Anna Cahn Culture and Identity Envoy Identity Temple Rome Temple Semester

First impressions

The Eucalyptus trees I walk by every morning on the way to Temple Rome Campus

I think my first surprise upon arriving in Rome was that it was a city. Sounds silly, I know, but what I mean is that I was caught off guard by the pace, the noise, and the commotion. I grew up in New York and frequently visited the city. I was used to packed metros and honking cars. However, for some reason these things threw me for a loop when I first arrived. Looking back now, I think my thought process was “Oh, I’m going to live in an old beautiful ancient city.” All of that is true, but it is a modern city as well.

Vespas speed past you, cars stop at the very last minute for walking pedestrians, and what seems like honking fights break out on the roads. As I hustle to class every morning, I tend to find myself lost in the city aspects of Rome. And so, when I realize just how fast I am walking, I’ll stop for just a moment and remember where I am. I look at the beautiful eucalyptus trees lining my street, the heads of stone pine trees poking over some buildings. I am not just in any city, I’m in Rome.

The Stone Pine trees that can be seen almost everywhere in Rome. They are, without a doubt, my favorite trees.

My favorite moments so far have actually been little pockets of time where the noise is cancelled out; I realize where I am and the beauty surrounding me. One of these moments was at the Borghese Gardens just this past week. My Rome Sketchbook class went to practice drawing nature and man-made objects. Towards the end of class, my professor Roberto Caracciolo came over and sat next to me to discuss what I had sketched. I had sat on the ground right next to this sculpture of Moses and his sister placed within a fountain covered in papyri.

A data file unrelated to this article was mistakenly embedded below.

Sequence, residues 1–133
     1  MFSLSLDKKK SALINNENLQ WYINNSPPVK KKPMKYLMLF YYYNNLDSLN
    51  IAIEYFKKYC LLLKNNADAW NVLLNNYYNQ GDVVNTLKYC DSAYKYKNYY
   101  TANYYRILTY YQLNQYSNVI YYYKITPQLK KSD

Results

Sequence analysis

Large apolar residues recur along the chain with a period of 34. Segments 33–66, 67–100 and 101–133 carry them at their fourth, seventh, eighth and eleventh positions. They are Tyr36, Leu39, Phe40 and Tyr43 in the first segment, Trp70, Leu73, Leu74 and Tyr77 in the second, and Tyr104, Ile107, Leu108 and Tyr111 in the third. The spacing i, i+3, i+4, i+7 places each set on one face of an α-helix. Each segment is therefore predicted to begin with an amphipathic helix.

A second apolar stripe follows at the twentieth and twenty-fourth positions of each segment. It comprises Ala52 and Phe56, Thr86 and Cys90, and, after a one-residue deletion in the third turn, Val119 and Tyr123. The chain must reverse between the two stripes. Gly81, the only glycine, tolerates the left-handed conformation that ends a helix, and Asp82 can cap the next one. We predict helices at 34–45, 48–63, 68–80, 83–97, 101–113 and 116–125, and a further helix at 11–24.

Our conversation turned into one of art, ageing, wisdom and experience. While in the midst of this conversation, I realized just how beautiful this moment was. I was in Rome, drawing at the Borghese Gardens. I was sitting on the ground, having an incredibly interesting and impactful conversation about art and its progression with my professor while the sun hit our backs and the sound of trickling water filled the air. This moment truly encompasses all that I am looking forward to experiencing in Rome. To be present in such a rich city, and to learn from what surrounds me and the art that I will make.

The sculpture of baby Moses and his Sister at the Borghese Gardens in Rome.

When I was researching study abroad programs, I knew from the very beginning that I wanted to go to Italy. As an art studio major (and personally art history fanatic), Rome just felt right. It was colorful, ancient, and rich with Caravaggio’s, Bernini’s, and Michelangelo’s. From just these first three weeks, Rome has shown and taught me so much. Not just how to properly order an iced cappuccino at the bar (yes iced coffee is a thing!) but also how to meet locals, adventure out with new people, and how to appreciate the world surrounding you.

Within the next few weeks, I also hope to find a Jewish community while here in Rome. It’s actually going to be a main theme of my future posts. Seeing as how I was raised in a religious and culturally Jewish family, I know that finding a synagogue or Friday night shabbat service will provide me with comfort and stability while abroad. There’s nothing quite like finding yourself in a beautiful temple surrounded by beautiful voices singing together in a language you might not understand, but have always heard.

So far I’ve struggled to find accessible information on synagogues nearby with open services. Yom Kippur was just last week and I sadly was unable to find a service to attend. However, I did hold Tashlich by myself at the Tiber. While I hope to find a community soon, it was still very special to reflect on this past year in such a beautiful and exciting city.

I am curious to see what communities exist within a city rich with Jewish history. How will services, traditions, and especially the food differ from my conservative Ashkenazi upbringing in New York. Will the language barrier be an obstacle? Or will religion create community regardless of nationality and age?

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